Blog 2021 09 10 How do we know what to trust?

It can be easy to take other people’s research as correct because it makes sense and aligns with what we hope but have you thoroughly researched their findings with the thought that you want to disprove it.  Sounds counterproductive I know, but that is the mindset I recommend when validating someone else’s research.

You just know I am going to give you some examples so here they are.  We are going to start with one of my researches on who are the parents of Hopewell Adams (Circa 1737 – 1799) and died in Edgecombe County, North Carolina. [i] Hopewell is first seen in Edgecombe in 1766 when he buys land from a Mr. Moses Field. [ii] Researchers for a major genealogical company recommended starting with the illegitimate son of a Hopewell Adams and Sarah Hull in Somerset County, Maryland.

When I took the project on, this theory was quickly put to rest as her son, Hope (also called Hopewell) took the last name Hull and not Adams and he lived and died in Maryland.  So he is not the same person. [iii]

What about the Hopewell Adams then who did father the child, he also lived and died in Maryland in 1768. [iv] Well, he had a son named Hopewell who might have been old enough to be the one who moved to North Carolina.  However, he did not, he also stayed in Maryland. [v]

So, even though hundreds of family group sheets, family trees, and genealogy books state that the Hopewell in North Carolina is the son of the Hopewell Adams we see they are incorrect by taking on an antagonistic approach to validate the information.

Who are the parents of this Hopewell Adams, I will tell if and when I discover more solid facts but I can say it is trending towards one in St. Mary’s County, Maryland who I can no longer find any records for in Maryland after 1759 or so.

Okay, this is just one example, what else?  I have previously written about who an Ambrose Watson (1790 – 1861) whose father everyone believed to be Elijah Watson and I was beginning to believe that as well.  But again, taking the approach of trying to prove he was NOT the father I found the evidence that he was simply a brother who was 21 years older than Ambrose.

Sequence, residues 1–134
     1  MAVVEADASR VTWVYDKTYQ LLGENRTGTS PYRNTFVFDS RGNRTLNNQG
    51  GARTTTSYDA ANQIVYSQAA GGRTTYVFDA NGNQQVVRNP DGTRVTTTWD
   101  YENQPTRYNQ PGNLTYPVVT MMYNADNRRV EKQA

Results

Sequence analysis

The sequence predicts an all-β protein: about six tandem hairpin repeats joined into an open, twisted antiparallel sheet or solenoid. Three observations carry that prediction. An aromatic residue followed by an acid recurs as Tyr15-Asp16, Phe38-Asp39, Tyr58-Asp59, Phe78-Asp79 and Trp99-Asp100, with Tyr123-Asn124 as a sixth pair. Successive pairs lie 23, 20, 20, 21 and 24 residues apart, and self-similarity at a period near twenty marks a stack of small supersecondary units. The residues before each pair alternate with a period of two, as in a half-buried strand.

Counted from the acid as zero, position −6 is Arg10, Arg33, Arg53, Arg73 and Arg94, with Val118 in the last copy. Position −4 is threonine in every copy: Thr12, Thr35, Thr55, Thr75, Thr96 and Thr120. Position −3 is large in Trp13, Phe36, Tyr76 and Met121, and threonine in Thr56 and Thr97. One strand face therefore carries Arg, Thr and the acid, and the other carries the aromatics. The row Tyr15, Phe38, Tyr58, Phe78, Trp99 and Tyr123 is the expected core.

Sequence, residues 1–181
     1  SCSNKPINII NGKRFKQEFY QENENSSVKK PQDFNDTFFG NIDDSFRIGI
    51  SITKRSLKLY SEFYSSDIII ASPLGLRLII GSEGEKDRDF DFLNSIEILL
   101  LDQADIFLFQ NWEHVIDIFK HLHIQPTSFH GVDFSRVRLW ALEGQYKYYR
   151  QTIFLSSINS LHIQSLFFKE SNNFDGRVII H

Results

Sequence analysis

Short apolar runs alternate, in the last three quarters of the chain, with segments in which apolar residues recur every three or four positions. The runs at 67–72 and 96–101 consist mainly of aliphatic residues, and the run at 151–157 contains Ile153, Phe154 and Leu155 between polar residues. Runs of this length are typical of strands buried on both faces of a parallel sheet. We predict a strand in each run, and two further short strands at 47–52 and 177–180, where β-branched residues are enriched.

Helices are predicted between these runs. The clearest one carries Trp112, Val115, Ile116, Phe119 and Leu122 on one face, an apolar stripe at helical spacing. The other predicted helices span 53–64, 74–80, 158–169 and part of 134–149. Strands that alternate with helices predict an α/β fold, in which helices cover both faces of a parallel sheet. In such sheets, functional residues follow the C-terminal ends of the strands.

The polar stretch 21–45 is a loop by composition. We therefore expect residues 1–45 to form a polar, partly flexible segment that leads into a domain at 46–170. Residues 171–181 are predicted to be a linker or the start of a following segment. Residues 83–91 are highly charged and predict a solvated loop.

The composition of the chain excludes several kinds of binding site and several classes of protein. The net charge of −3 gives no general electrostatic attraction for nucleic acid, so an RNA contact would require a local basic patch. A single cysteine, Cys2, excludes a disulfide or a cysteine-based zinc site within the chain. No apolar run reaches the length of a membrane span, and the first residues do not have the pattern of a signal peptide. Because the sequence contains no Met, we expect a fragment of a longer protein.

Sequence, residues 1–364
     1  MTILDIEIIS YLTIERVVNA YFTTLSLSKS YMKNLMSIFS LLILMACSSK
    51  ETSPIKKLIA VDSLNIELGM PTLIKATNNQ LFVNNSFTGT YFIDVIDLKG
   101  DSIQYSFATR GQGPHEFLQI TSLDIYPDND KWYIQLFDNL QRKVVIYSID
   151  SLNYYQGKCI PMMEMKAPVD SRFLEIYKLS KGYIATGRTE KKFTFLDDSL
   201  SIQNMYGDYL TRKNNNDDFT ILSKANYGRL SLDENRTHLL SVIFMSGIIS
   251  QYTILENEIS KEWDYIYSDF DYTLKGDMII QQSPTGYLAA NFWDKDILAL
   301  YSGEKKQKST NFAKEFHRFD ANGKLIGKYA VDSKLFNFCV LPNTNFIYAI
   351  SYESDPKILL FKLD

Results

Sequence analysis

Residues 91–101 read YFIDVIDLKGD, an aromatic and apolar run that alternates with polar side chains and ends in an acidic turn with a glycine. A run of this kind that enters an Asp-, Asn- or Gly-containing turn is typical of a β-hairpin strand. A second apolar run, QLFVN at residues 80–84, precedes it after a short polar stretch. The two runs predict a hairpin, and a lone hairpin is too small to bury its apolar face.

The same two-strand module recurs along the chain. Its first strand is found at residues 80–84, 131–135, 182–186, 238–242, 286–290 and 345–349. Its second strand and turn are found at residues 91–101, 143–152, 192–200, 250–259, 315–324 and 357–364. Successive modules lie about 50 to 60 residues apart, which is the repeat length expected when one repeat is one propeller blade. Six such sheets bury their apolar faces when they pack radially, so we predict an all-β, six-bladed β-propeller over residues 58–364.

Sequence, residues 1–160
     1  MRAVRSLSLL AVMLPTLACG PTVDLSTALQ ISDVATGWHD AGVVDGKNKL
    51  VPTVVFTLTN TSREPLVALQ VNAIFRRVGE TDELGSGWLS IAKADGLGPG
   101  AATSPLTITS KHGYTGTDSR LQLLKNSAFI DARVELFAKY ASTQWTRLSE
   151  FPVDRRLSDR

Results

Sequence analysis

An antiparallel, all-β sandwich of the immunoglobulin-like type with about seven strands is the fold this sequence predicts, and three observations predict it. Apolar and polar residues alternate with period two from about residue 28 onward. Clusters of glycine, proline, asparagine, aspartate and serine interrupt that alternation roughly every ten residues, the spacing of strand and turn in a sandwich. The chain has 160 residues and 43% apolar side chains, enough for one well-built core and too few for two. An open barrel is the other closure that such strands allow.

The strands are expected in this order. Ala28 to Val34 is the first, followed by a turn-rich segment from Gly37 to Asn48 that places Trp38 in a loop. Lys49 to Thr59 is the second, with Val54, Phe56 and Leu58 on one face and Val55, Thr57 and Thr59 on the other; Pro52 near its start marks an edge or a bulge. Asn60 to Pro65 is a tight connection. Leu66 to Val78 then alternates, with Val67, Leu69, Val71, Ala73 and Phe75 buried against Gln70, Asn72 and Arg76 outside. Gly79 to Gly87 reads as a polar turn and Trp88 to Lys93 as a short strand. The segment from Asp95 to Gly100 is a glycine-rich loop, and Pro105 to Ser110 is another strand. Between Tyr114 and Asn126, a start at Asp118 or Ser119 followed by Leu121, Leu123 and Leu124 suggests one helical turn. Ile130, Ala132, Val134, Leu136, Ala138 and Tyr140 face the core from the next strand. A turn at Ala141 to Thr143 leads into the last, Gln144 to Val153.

In my own family one of my oldest ancestor’s wife was absolutely named Sarah as the church record’s records him and his wife Sarah as charter members.  But who was her father and mother?  Every research has continued saying her maiden name was Banner and therefore her father must be Peter Banner, the only Banner old enough in the area to be the father.  Only, his will lists a daughter named Sarah with a different last name from my ancestor.  So, either he had two daughters named Sarah or he is not my Sarah’s father.

Until you are satisfied that someone else’s research is truly accurate, try to disprove it.  If you can then you know you still have research yet to do and if you cannot disprove it it does not mean it is correct but certainly makes it far more likely.

[i] Edgecombe County, North Carolina, Superior Court, Wills 1758 – 1830 Vol. 1; ADA – BEL, page 2, Will of Hopewell Adams; image ( : accessed 8 December 2020) proved May 1799.

[ii] Edgecombe County, North Carolina, Deed Book C 1763 – 1768, page 414, Deed between Moses Field to Hopewell Addams, ( : accessed 8 December 2020), Edgecombe Superior Court.

[iii] See for more information.

[iv] Somerset County, Maryland, “Prerogative Court, 1635-1777”, p. 690-692, Hope Adams Will, written 5 September 1768 and proved 13 December 1768; image, ( : accessed 8 December 2020), citing Maryland, U.S., Wills and Probate Records, 1635-1777.

[v] Somerset County, Maryland, “Will Book EB 7, 1788-1799,” folio (page) 208-210, Phillip Adams, son of Hope Adams, names his brother Hope Adams as executor; will written 10 March 1789 and proved 17 April 1792 indicating his brother, Hope Adams, son of Hope Adams was still in Somerset.  Hope Adams, son of Hope and brother to Phillip had his will recorded in Liber EB 17, folio 193, 28 October 1788 in Somerset.